Tres años. Cuatro desastres. Los trabajadores sociales en Puerto Rico quieren un cambio

Reclaman ser parte integral de la respuesta oficial a los desastres, para tener las herramientas que les permitan actuar más allá del voluntariado que ya hacen, y ser más efectivos apoyando a la gente a sobrellevar los impactos emocionales.

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Hurricane Maria slammed into Puerto Rico 3 years ago. Finally Trump is providing additional aid

Administration officials touted the funds as a big win for the island, with White House press secretary Kayleigh McEnany describing this as one of FEMA's "largest grants ever." Others saw a different motivation for the move.

Three years. Four disasters. Social workers in Puerto Rico want change

They’re trying to help with the emotional toll from Hurricanes Irma and Maria, earthquakes and now COVID-19. Social workers say they need to be part of the official response.

“Everything was destroyed”

After Hurricane Maria devastated Puerto Rico, Glorynel Ojeda Matos moved her family to Arizona and began a Ph.D. in sustainability studies.

Disasters are driving a mental health crisis

From climate-fueled storms to COVID-19, mounting catastrophes are sowing stress and trauma. The country’s one program to help reaches only a fraction of survivors.

Louisiana braces for Hurricane Marco and Tropical Storm Laura

The “one-two punch” of hurricanes has created a heightened sense of alarm along the Gulf Coast. Officials warned residents they might have to shelter in place for as long as 72 hours.

Pandemic plunges Puerto Rico into yet another dire emergency

The island has had to weather a hurricane, a political crisis and earthquakes, but those crises did not lead to the widespread unemployment caused by the response to the coronavirus pandemic.

Saharan dust plumes are a crucial part of Earth's biology and climate

The Saharan dust plume is a supersized version of ones that cross the Atlantic all the time, ferrying particles that irritate lungs but also fertilize plant and ocean life.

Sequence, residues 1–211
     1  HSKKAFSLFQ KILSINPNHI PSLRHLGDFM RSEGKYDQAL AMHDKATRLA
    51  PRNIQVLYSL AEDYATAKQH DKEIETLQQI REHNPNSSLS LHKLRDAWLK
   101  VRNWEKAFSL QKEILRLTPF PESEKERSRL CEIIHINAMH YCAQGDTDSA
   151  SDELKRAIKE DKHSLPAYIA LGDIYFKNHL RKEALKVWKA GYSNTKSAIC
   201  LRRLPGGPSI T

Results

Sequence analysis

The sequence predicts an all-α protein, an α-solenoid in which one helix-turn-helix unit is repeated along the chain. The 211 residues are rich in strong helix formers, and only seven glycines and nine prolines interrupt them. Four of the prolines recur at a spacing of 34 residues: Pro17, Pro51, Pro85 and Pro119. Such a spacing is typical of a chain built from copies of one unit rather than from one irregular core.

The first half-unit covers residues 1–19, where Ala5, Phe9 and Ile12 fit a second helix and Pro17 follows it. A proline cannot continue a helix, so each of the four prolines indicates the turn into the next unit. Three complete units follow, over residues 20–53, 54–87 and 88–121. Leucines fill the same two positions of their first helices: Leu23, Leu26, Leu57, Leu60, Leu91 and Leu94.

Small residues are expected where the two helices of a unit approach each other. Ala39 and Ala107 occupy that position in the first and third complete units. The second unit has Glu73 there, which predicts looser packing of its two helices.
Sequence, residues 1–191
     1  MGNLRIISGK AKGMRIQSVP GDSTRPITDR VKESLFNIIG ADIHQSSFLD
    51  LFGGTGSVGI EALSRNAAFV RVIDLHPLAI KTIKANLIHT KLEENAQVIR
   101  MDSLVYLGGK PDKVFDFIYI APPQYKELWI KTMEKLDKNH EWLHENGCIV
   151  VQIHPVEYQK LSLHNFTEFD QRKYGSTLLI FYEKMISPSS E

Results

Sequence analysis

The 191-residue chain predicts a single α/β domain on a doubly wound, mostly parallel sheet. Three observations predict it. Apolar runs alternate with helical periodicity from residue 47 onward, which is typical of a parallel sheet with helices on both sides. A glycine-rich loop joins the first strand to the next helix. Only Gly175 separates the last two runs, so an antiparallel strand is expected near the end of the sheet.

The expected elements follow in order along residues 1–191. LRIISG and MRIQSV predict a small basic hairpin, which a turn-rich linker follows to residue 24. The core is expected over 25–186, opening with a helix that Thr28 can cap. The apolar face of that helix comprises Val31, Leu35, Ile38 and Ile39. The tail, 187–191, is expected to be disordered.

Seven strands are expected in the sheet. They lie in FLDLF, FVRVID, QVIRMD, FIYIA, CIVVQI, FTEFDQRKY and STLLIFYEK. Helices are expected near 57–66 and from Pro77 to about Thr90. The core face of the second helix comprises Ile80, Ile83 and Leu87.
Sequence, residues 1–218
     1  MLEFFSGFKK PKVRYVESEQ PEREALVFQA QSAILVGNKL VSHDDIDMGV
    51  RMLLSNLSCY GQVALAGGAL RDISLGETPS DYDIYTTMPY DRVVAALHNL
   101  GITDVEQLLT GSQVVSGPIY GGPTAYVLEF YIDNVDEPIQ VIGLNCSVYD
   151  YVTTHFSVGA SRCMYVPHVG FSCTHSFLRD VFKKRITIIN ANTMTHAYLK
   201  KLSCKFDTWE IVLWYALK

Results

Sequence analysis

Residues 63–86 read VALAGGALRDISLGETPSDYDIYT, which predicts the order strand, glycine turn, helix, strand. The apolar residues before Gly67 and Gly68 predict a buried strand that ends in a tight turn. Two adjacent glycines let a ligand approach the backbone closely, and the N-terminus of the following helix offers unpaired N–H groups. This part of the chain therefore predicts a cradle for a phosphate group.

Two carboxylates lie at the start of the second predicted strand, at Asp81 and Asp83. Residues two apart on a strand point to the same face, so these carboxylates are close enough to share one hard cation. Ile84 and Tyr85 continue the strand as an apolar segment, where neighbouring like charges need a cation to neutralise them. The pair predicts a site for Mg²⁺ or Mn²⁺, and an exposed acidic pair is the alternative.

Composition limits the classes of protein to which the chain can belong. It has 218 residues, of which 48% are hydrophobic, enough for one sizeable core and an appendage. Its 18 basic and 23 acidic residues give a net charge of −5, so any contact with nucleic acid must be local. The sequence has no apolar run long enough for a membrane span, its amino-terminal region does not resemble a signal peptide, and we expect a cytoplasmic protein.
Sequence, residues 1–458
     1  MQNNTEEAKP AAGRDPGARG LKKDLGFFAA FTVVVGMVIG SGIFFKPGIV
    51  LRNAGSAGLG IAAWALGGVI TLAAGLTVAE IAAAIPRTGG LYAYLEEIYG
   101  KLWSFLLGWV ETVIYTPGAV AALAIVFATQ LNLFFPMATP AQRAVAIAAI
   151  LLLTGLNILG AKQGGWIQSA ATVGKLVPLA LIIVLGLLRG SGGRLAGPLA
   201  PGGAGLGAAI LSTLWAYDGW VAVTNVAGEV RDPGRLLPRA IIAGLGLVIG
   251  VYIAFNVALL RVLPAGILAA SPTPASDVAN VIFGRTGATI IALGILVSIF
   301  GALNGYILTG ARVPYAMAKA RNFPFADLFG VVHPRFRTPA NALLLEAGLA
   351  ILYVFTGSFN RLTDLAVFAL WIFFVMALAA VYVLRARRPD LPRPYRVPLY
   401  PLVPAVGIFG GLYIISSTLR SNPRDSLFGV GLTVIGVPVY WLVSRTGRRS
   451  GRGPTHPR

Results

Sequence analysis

National parks are being overrun by invasive species

Causing more habitat damage than natural disasters, these creatures put native wildlife at risk. Here’s how you can help stop them.

For Latino voters, crucial in 2020, climate is a key issue

Compared to other groups, Latino voters are more worried about the crisis, more willing to take action, and more likely to say they will vote for a candidate because of their stance on climate change.

Puerto Rico was a precursor for the pandemic

San Juan's mayor talks about Trump's negligent response to the 2017 hurricanes, and why it should have warned the rest of America what was coming.

The sound of one shrimp snapping

How climate change is altering nature’s sonic landscape.

J. Ama Mantey: A Green-Red New Deal can save black lives in a post-Covid-19 world

Race, not class, is the strongest predictor of whether someone will be overburdened by environmental pollution, climate disasters and other hazards.

Months after Puerto Rico earthquakes, thousands are still living outside

In the past week alone, the Puerto Rico Seismic Network registered 43 “significant” quakes, leaving many people fearful of going home. More than 8,000 houses have been damaged.
From our Newsroom

The dangerous fringe theory behind the push toward herd immunity: Derrick Z. Jackson

Resumption of normal life in the United States under a herd immunity approach would result in an enormous death toll by all estimates.

My urban nature gem

Thanks to the Clean Water Act and one relentless activist, Georgia's South River may finally stop stinking.

Dust from your old furniture likely contains harmful chemicals—but there’s a solution

Researchers find people's exposure to PFAS and certain flame retardants could be significantly reduced by opting for healthier building materials and furniture.

Hormone-mimicking chemicals harm fish now—and their unexposed offspring later

Fish exposed to harmful contaminants can pass on health issues such as reproductive problems to future generations that had no direct exposure.

How Europe’s wood pellet appetite worsens environmental racism in the US South

An expanding wood pellet market in the Southeast has fallen short of climate and job goals—instead bringing air pollution, noise and reduced biodiversity in majority Black communities.

America re-discovers anti-science in its midst

Fauci, Birx, Redfield & Co. are in the middle of a political food fight. They could learn a lot from environmental scientists.

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